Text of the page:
One common answer to your question about a new function is nylon eating bacteria, but the usual response is that the behavior was caused by a deletion rather than an addition. If your criteria is merely new function, then your question has already been answered. But if your criteria is new function by adding information to the genome then we need to know how you're measuring information. If by the number of nucleotides, a rather simplistic measure, then nylon eating bacteria do not qualify. But if by the number of alleles for the gene in the bacterial population, then nylon eating bacteria do qualify.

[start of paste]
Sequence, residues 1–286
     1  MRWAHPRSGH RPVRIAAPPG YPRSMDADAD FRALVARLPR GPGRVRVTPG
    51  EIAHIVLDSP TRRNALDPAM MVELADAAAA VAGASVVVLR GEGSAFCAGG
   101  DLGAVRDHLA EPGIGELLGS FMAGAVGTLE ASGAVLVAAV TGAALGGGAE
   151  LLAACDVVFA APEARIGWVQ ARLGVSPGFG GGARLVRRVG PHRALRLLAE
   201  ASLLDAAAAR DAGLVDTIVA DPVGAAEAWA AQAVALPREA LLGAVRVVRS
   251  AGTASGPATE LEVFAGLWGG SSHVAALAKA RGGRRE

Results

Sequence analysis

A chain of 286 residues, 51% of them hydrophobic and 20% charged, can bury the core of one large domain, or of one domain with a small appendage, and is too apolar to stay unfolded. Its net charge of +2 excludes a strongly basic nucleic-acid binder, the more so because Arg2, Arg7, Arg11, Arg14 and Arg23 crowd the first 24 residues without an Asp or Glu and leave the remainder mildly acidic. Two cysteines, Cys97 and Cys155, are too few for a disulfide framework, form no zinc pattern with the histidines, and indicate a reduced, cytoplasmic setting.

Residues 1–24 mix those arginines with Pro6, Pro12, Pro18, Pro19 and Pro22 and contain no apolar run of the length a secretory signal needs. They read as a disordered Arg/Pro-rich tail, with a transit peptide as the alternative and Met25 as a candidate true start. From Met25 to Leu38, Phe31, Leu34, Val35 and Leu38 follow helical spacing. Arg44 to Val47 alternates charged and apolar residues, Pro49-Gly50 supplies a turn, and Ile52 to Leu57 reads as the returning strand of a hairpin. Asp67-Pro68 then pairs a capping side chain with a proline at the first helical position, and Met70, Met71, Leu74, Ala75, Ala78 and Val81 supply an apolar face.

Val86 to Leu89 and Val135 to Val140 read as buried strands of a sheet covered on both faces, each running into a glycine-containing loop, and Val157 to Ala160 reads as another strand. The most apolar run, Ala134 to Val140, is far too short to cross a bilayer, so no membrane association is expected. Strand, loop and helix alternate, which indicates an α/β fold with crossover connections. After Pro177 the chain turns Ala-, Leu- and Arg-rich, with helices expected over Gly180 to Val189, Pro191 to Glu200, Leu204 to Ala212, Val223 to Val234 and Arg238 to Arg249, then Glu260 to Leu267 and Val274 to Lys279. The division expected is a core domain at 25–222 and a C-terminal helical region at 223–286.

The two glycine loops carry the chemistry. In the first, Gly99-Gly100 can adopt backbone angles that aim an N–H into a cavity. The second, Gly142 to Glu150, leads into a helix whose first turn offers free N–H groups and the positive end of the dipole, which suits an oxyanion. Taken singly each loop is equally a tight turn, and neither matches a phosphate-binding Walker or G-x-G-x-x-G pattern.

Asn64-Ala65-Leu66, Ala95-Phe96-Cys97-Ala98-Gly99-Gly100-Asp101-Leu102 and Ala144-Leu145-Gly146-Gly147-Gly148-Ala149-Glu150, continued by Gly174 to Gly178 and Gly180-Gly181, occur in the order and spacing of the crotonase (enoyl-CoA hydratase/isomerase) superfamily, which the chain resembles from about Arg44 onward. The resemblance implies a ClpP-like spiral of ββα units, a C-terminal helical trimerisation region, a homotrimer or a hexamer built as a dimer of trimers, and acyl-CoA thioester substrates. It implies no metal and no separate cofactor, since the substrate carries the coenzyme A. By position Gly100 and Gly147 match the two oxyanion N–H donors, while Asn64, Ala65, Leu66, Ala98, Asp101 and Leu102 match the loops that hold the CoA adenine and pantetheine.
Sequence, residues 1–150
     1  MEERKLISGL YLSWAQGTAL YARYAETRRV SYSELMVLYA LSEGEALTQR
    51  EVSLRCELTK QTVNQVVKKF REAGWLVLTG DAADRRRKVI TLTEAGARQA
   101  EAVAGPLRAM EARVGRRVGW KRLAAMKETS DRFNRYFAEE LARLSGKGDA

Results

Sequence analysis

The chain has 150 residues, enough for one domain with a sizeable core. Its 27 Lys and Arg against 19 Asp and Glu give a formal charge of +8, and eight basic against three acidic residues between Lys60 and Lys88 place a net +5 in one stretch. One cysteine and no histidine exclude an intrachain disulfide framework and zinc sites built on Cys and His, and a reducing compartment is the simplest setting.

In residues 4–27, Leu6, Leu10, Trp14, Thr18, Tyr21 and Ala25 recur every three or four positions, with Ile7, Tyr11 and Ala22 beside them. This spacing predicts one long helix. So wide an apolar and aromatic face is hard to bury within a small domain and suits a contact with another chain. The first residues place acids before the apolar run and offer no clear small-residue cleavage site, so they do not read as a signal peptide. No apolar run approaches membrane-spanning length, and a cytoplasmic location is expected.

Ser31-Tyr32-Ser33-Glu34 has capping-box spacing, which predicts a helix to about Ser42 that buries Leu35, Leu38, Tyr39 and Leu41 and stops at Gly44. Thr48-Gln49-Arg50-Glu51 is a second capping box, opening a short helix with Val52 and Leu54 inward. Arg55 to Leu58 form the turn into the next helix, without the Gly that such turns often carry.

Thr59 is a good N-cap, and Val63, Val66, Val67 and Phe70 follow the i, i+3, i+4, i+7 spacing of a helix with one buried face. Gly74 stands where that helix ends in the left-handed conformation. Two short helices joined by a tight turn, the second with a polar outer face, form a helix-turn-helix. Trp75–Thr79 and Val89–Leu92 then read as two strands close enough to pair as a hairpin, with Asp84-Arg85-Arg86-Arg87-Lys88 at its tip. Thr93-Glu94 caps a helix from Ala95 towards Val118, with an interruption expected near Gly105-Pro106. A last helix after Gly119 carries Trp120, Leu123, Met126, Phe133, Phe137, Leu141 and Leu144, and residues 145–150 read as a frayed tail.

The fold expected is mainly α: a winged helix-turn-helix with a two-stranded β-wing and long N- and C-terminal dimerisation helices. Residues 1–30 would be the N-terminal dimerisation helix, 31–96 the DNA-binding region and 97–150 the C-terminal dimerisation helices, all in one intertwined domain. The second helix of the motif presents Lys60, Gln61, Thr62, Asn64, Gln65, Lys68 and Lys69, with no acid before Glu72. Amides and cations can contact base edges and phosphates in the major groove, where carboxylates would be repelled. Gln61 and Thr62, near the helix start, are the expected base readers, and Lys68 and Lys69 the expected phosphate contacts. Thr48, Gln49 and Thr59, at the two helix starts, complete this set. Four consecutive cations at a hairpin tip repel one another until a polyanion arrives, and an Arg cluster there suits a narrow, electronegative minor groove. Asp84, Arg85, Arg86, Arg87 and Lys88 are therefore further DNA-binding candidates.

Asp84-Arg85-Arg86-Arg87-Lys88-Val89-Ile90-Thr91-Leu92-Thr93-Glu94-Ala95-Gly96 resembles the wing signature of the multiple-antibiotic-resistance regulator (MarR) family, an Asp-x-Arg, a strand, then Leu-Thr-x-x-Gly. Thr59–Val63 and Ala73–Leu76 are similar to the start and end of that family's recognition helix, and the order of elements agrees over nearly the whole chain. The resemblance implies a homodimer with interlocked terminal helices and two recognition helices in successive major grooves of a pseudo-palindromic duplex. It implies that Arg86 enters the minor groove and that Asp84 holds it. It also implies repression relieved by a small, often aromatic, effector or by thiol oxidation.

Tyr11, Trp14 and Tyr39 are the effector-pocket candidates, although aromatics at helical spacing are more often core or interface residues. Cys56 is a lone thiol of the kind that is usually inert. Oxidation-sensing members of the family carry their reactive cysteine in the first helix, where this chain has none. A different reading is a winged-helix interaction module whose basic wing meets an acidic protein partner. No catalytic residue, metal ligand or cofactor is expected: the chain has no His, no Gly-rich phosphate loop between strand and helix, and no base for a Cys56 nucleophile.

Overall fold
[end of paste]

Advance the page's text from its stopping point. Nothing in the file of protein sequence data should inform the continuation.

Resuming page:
Your understandable reaction is probably, "Sheesh, I was just trying to ask a simple question." But as you must have guessed by now, the question has been raised here before, so I was hoping for a little clarification.
We're just going through the thread proposal process, not having a pre-discussion about your topic. Nylon-eating bacteria was just the example I chose to explain why the approach used to measure information is important. If we don't agree on the method for measuring genetic information then we'll have no criteria for judging success or failure in answering your question. If you can describe how you're measuring information I can promote your thread.
Or we can take the other approach you suggested of providing examples of mutations that produce new proteins.